For those of us who are UN supporters, we realize there is nowhere else in the world like the headquarters of the United Nations, especially at the opening session of the General Assembly each September on the International Day of Peace. World leaders from 193 nations meet, greet, and speak before the member states, and mingle behind the scenes with whatever other leaders they have agreed to meet. This 73rd session of the UN General Assembly (UNGA) was called to order on September 25th, 2018. A special designation was made by the UN Secretary-General António Guterres to promote the International Day for the Total Elimination of Nuclear Weapons, an event held on the sidelines of the ongoing 73rd Session of UNGA.
Of note to American readers, the month of September 2018 in the Security Council (SC) was chaired by the United States. The designation of the President of the SC is a month-long position held by each member of the Council in alphabetical order. This provides each member country the opportunity to call for special meetings during their presidential month. For the meeting called by the U.S. delegation for Wednesday, September 26th, the theme was “Maintenance of International Peace and Security: Non-Proliferation of Weapons of Mass Destruction”. As President Trump had attended the opening session of the GA and delivered his remarks the prior day, he also chaired the meeting of the Security Council. The other members of the Council consisted of the Presidents or Foreign Ministers of the respective members rather than their country’s UN Ambassador who usually participates at regular SC meetings. All current fifteen members contributed to this session with prepared remarks.
This was a new experience for this President. Following his opening of this 8362nd SC meeting and a word of welcome, the President stepped down from his role as chair, and delivered his written remarks as the U.S. President. He laid out his vision of the U.S. role in the world, and urged a halt to the spread of weapons of mass destruction, especially chemical weapons. He spoke proudly of foreign policy issues he has initiated. He focused on (1) his role in Syria against the use of chemical weapons there, (2) his success in working with the North Korean President towards the end of any testing of more nuclear weapons by them, (3) the steps toward rapprochement taken by him regarding return of POWs and the remains of U.S. soldiers from the Korean War, and (4) hope for achieving the goal of denuclearization of the Korean Peninsula. He referred to his withdrawal from the Iran agreement (JCPOA), naming Iran as the world’s worst exporter of terrorism, and consequential actions of the U.S. including sanctions. He also discussed trade issues with China and his delight and honor in working with the Presidents of South Korea, and China, and Foreign Minister of Japan.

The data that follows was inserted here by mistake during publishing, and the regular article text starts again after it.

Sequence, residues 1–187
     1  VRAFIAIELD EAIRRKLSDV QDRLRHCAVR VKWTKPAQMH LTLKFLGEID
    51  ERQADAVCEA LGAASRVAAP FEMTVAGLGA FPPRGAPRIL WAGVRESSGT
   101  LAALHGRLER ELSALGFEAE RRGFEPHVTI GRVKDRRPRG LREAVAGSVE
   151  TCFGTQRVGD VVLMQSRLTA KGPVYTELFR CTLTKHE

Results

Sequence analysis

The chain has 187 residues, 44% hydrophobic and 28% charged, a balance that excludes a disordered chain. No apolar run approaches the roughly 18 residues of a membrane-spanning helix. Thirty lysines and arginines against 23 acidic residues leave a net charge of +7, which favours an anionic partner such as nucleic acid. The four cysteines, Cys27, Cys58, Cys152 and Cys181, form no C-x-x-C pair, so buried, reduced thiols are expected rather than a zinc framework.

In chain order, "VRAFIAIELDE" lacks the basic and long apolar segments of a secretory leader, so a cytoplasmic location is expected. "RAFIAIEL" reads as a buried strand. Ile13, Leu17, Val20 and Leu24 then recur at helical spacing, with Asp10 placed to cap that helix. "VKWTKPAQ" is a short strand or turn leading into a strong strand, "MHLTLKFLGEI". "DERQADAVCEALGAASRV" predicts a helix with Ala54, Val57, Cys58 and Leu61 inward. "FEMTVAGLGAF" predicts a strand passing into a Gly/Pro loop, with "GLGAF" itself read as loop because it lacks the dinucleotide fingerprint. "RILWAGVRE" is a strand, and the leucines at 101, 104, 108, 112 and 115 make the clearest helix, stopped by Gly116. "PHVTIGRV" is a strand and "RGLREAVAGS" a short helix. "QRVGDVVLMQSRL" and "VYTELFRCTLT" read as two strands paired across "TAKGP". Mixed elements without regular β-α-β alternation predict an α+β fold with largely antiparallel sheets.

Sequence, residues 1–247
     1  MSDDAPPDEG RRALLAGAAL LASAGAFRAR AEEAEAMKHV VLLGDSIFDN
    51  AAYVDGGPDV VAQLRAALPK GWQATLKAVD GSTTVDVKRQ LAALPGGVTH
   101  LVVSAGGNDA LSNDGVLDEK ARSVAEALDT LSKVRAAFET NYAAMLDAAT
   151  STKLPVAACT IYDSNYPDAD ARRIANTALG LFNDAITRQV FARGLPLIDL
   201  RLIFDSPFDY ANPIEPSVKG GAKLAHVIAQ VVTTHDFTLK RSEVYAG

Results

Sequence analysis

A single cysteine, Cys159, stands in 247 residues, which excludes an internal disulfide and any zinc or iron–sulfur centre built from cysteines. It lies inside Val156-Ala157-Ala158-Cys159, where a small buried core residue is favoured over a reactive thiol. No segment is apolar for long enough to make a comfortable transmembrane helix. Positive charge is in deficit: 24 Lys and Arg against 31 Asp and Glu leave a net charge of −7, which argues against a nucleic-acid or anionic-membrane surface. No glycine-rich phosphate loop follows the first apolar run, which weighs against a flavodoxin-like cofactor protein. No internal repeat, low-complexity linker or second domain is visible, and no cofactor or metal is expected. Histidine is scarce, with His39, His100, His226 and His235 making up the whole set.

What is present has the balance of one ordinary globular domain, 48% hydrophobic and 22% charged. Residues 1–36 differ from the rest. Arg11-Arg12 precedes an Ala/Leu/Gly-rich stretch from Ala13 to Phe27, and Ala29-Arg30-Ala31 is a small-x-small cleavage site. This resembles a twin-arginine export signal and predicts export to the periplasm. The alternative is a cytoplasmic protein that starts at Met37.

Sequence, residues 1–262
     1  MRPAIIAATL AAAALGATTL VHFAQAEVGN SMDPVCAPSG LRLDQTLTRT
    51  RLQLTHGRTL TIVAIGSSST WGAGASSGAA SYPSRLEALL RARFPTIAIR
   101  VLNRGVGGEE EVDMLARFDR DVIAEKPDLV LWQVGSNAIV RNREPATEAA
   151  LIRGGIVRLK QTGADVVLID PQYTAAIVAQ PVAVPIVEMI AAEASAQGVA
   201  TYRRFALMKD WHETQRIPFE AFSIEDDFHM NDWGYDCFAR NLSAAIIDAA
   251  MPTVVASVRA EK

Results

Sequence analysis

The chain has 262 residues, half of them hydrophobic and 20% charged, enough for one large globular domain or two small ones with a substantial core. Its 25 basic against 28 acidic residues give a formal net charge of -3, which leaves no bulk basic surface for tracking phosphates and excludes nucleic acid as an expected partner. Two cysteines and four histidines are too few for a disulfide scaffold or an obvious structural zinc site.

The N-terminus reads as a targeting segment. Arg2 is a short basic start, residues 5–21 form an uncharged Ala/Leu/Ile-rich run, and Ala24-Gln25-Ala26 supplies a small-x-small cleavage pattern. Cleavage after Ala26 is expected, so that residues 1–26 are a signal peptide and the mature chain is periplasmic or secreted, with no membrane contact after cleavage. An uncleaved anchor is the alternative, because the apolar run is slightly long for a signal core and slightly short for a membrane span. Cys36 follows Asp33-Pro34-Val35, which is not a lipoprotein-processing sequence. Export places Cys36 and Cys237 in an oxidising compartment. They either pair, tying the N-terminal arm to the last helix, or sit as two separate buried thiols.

His remarks were brief in accordance with the time limits allotted for each speaker. When he finished, he reestablished his role as presiding chair and carefully read prepared remarks for all introductions.
Each of the speakers presented thoughtful positions relevant to the weapons of mass destruction: primarily chemical and nuclear weapons. Presidents of Equatorial Guinea, Cote d’Ivoire, Bolivia, and Peru spoke eloquently of the need for countries to sign and ratify the treaty to ban nuclear weapons with some urging of the nuclear countries to begin a process of disarmament especially of their nuclear arsenals. Kazakhstan, once a site of Soviet nuclear weapons, has renounced nuclear weapons and closed their test site. Their President is a firm supporter of the Ban Treaty and called for a strong implementation of nuclear legal instruments, working to build up trust between nuclear and non-nuclear members. (Please see prior blog on the Ban Treaty: How the Impossible Became Possible.) Countries like France articulated the need for continued unity which appeared in an array of Security Council Resolutions unanimously adopted and a respect for and strong support of multilateralism, as did Sweden and the Netherlands. The Prime Minister of the United Kingdom spoke of the successes over the years in controlling weapons of mass destruction but was concerned with recent turn arounds in that process, citing the recent use of chemical weapons and the threats caused by Iran and North Korea. She was part of a number of country leaders who commended President Trump on his initiatives taken with regard to North Korea. Chemical weapons were mentioned by many, with proposals to urge expanding ratification by all countries of the Convention against their use and further support of their role in destroying stockpiles and investigating the person/s or group responsible for use. (Please see the earlier blog on Chemical Weapons and the Efforts to Control and Destroy Them.) As the President of Poland said, “Every use of a chemical weapon is a crime and criminals must be brought to justice.”